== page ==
I had the good fortune to be sent out to Vancouver for two weeks by my job. It came at around the best possible time of the year for me, because I had nothing extra-curricular going on at the home front and we're in the doldrums of a clinging winter here. As it turned out, the trip went really well, both professionally and personally. Most importantly for this blog, it also gave me a real chance to compare my homeland with my adopted land. I've been out to the west coast many times since I moved to Montreal, but it's always been on vacation. In this case, I was actually "living" and "working" in Vancouver for two weeks. Though still a brief period of time, it gave me a better chance to get a feel for what it would really be like to live in Vancouver and how that compares to Montreal. I have many thoughts and they will probably take a few posts. Today, I would just like to talk about my immediate impressions of returning to Montreal at this time of year. Depressing!
Have no worries, folks, Montreal still wins hands down. But I had a profound shock dropping out of the clouds yesterday evening. Now during my two weeks in Vancouver, I literally had about 5 hours of sunshine. I love the rain and the grey, so I enjoyed it for the most part. When it rains in Vancouver, it's steady but much lighter than rain on the east coast. You can often get away with no umbrella and riding your bike does not require complete impermeability to have any semblance of comfort. But basically, it was a very cold and wet spring in Vancouver. It actually snowed twice, once on Vancouver Island and once on Vancouver itself. We had a good 3 or 4 centimetres of slush on the ground one evening. The mountains had a beautiful and fresh white glow on them. Fortunately for me, the 5 hours of sunshine that I did get took place when I had a chance to take a walk on the beaches, once in Lantzville and once at Jericho beach in Vancouver. Both were breathtakingly beautiful.
Despite the weather, it is spring time in Vancouver. There are no leaves on the deciduous trees, but they are just starting to bud and blossom. There are flowers in people's gardens and window boxes and the lawns are green. I didn't really consciously realize this. The whole time I was there, I was getting snow melt reports from my girlfriend, but I didn't really get the basic gist of what she was saying: nothing has really changed here. So when the plane dropped out of the very low clouds over Dorval and PET airport, it was a profound shock and I have to admit a bit depressing. The city was a colourless grid of bleak low buildings, outlined in grimy snow. It really was like leaving the land of colour and arriving in one of black & white. I felt like I was returning to communist Moscow, circa 1972. I know this isn't really Montreal's fault. The weather is the weather and the east coast is just shabby in general (you can make the same comparison to a February trip from San Francisco to New York).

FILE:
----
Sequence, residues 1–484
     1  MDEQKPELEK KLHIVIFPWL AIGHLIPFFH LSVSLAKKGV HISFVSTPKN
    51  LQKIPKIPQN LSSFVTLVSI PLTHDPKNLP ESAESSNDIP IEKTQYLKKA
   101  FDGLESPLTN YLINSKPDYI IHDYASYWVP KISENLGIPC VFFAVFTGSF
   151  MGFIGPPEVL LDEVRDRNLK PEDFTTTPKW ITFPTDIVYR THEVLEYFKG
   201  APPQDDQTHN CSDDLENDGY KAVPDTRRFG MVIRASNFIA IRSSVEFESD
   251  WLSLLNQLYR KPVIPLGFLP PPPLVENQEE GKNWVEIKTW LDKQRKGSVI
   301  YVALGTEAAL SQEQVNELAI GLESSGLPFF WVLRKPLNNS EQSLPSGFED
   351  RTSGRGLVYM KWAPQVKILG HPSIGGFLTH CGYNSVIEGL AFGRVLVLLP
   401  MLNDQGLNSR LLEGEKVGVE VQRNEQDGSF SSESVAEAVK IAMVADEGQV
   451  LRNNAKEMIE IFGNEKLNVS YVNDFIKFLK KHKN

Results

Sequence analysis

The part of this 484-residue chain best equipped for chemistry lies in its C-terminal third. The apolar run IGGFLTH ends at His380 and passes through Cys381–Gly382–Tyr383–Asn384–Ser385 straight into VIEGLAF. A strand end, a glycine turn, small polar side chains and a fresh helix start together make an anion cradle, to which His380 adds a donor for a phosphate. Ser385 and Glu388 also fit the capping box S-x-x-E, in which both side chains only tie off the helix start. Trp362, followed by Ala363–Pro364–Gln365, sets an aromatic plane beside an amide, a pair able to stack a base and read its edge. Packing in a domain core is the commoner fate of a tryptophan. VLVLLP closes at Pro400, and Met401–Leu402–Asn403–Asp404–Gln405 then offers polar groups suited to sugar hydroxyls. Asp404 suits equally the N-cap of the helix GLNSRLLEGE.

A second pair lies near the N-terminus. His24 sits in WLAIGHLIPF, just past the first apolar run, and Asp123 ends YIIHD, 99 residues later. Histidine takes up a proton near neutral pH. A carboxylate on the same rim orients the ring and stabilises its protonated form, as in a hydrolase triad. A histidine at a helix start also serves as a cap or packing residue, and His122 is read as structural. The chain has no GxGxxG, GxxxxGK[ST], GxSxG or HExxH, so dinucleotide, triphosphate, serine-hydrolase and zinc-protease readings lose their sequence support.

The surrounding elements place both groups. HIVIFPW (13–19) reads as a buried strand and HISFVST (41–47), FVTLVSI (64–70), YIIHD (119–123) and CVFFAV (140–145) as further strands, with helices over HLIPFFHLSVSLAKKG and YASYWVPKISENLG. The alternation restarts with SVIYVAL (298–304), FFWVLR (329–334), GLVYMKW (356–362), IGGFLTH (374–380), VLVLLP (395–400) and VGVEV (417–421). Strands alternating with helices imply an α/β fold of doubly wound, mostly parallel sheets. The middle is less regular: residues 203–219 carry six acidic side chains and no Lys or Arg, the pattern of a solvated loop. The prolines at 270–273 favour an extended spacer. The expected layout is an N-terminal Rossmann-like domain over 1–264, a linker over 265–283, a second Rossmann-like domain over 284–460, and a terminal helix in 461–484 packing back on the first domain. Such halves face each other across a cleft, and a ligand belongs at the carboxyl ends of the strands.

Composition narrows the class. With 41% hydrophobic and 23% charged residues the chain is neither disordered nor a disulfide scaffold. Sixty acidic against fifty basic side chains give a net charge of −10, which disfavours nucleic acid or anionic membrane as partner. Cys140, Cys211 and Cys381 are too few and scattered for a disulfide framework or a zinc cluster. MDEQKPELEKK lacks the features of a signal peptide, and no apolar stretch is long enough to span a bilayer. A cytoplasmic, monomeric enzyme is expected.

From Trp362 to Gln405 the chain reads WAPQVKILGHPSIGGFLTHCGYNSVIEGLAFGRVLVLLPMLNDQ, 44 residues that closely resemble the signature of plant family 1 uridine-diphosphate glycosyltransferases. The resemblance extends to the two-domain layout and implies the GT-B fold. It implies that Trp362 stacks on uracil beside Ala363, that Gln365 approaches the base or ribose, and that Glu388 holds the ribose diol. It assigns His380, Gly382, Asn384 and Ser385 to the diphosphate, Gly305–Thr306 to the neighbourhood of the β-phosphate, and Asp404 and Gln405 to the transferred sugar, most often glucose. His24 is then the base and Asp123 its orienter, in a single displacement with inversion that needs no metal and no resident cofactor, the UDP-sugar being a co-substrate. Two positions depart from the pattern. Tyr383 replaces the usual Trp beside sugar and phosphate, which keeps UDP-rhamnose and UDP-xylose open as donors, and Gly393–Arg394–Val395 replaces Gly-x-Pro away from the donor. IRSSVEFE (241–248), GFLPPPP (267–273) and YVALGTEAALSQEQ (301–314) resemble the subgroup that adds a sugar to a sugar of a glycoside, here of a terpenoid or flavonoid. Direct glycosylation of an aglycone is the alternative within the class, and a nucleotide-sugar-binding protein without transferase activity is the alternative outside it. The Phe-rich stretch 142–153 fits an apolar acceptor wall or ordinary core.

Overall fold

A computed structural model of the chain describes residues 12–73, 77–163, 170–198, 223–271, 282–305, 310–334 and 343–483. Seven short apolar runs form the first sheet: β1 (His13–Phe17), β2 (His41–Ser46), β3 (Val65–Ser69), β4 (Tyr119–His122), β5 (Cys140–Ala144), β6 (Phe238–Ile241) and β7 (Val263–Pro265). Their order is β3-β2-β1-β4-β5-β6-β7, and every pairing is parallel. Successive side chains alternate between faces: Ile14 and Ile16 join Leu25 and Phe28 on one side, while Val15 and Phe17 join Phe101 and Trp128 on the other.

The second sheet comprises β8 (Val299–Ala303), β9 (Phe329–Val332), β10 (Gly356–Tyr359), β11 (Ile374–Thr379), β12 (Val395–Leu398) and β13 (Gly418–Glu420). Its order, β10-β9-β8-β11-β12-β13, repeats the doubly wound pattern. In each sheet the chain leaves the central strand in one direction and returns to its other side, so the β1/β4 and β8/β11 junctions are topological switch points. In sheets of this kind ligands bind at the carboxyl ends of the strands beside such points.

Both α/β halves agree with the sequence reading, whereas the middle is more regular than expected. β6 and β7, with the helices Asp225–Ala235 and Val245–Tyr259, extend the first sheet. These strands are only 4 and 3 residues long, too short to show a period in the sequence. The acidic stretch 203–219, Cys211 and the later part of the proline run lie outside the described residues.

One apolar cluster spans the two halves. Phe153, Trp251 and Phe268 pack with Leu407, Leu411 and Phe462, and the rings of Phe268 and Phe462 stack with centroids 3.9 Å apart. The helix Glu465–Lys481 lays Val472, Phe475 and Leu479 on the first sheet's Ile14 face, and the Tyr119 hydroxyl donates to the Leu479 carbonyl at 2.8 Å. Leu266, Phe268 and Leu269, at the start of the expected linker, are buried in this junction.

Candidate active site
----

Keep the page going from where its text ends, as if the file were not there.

But the airport doesn't help. The new international section is quite nice and so far very efficient. But the domestic side of PET extends the communist Russia metaphor. The luggage takes around 25 minutes to get to the carousel (far and away the worst luggage time in North America in my experience), the signs for ground transportation are confusing and inconsistent and there is nobody around to help. In an attempt to create a more efficient taxi line, they have entirely blocked off the middle of the outside sidewalk, so if you aren't getting a cab, you have to walk back inside and go around to get to the bus section. And hey, how about a city bus that goes directly to and from the airport? Why is that so freaking hard for this city? Vancouver has an express bus that costs $3.00, makes constant express trips to the airport from a central location and takews about 25 minutes. And they are building a train.
And the taxis here are so bootleg. In Vancouver, they are all almost entirely new hybrid vehicles and they have a sophisticated, computer-driven dispatching system. The driver has a console in his vehicle with which he sees trips as they become available. And they are silent. The screaming and squawking radios in Montreal are so third world at this point and make for an extremely unpleasant trip.
I really do love this city and as you will see, these complaints pale in comparison to my very real concerns about Vancouver. But there are elements of infrastructure and fundamental comfort and ease in Montreal that are really terrible and I can understand why people who have spent their whole lives here and have never really known the culture and society of another Canadian or American city can become so mesmerized by the sun, cleanliness and modern sophistication of a retirement village in Florida or suburban Vancouver.
And despite my stumbling around the Montreal airport in a frustrated daze, swearing aloud and feeling like smashing something, no security personnel ran up and killed me with a taser, so that is a big plus for Montreal.